Functions of Conversation in Detective Fiction: An Analysis of Smiley’s Duplicate Keys From Grice’s Theory of Conversational Implicature

Limin WU, Xin ZHOU


Duplicate Keys, published in 1984, is a detective novel written by Pulitzer Laureate Jane Smiley. The novel develops around a murder discovered by Alice, the heroine, in Manhattan, in which two band members, Denny and his adopted brother Craig, were shot dead in Denny’s apartment. Since besides Alice, some of their other friends, and even their friends’ friends have duplicate keys, it’s extremely distracting and difficult for Police Detective Honey to solve the case. With suspense resolved and mystery unraveled, it turns out that the killer is Denny’s girlfriend and Alice’s best friend Susan, who pretends to be on a trip far away at the occurrence of the murder. The novel contains an abundance of conversations, which play a crucial part in plot advancement as well as characterization. Guided by Paul Grice’s theory of conversational implicature, the paper analyzes some conversations from Duplicate Keys, especially the disobedience of the cooperative principle in the conversations, deciphers the reasons behind the disobedience, while at the same time exposes characters’ inner world, and exhibits their personality traits. In so doing, functions of conversation in detective fiction are revealed.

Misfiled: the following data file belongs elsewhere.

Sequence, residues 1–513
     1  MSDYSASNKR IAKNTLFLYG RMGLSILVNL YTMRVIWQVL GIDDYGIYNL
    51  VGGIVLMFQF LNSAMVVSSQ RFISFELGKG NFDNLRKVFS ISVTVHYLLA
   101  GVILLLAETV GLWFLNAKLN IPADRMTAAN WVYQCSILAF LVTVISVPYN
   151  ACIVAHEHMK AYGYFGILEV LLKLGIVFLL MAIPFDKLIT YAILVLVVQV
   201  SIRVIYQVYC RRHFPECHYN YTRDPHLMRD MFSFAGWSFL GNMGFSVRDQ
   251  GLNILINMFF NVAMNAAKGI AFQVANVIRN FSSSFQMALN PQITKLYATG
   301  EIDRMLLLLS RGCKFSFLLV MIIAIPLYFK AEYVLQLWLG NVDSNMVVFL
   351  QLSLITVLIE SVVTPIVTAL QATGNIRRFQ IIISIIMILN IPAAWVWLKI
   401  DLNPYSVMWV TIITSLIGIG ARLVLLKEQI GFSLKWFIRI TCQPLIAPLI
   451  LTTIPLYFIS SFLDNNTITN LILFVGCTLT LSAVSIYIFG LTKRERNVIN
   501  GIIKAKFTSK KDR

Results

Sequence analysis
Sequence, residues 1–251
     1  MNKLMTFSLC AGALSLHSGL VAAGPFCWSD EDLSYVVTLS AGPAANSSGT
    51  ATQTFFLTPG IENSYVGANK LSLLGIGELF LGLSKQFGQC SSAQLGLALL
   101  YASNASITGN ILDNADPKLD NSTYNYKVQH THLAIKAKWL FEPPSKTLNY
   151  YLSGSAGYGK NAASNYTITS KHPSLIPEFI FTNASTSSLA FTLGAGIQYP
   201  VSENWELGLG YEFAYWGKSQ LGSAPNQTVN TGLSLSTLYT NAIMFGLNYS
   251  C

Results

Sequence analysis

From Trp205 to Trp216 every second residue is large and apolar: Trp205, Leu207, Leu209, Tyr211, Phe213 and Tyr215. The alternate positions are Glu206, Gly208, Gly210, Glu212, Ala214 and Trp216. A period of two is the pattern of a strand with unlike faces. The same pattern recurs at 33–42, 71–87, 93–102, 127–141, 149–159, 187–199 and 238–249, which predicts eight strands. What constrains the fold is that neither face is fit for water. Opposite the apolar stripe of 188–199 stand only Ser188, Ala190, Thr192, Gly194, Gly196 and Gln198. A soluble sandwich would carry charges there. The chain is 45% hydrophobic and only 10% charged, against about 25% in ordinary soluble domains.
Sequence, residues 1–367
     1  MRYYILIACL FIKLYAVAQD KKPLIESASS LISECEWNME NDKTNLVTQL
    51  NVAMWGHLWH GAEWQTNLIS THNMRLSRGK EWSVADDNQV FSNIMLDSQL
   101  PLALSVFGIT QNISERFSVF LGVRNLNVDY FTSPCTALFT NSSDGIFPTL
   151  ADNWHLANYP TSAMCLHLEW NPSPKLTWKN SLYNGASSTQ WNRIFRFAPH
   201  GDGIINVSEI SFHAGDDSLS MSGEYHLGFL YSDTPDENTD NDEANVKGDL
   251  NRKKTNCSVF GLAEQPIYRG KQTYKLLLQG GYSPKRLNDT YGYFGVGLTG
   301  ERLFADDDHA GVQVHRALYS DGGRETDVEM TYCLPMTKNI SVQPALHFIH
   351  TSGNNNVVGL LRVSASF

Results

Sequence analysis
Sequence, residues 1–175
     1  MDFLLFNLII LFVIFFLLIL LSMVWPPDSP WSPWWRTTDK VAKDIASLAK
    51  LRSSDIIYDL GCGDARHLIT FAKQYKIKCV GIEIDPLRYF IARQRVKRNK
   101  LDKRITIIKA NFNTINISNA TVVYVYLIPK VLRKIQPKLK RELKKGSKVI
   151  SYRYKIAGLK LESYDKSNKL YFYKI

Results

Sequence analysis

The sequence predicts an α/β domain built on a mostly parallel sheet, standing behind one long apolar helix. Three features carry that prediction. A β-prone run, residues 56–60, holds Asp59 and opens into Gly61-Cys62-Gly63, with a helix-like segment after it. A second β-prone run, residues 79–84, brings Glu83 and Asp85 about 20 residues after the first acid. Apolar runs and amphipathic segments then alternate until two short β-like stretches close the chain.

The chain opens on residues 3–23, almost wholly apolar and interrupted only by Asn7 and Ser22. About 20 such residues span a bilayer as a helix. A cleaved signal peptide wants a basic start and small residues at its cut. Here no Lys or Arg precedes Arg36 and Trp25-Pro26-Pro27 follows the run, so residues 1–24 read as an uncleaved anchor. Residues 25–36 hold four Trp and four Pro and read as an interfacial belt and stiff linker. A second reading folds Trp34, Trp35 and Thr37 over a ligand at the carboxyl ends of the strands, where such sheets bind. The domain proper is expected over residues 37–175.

Conversational implicature; Cooperative principle; Conversation; Plot advancement; Characterization

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Chapman, S. (2003). Philosophy for linguistics: An introduction. London: Routledge. Taylor and Francis e-Library.

Grice, P. (1957). Meaning. The Philosophical Review, 66(3), 377-388.

Grice, P. (1991). Studies in the way of words. Cambridge, Mass.: Harvard University Press.

Smiley, J. (1996). Duplicate keys. London: Flamingo An Imprint of Harper Collins Publishers.



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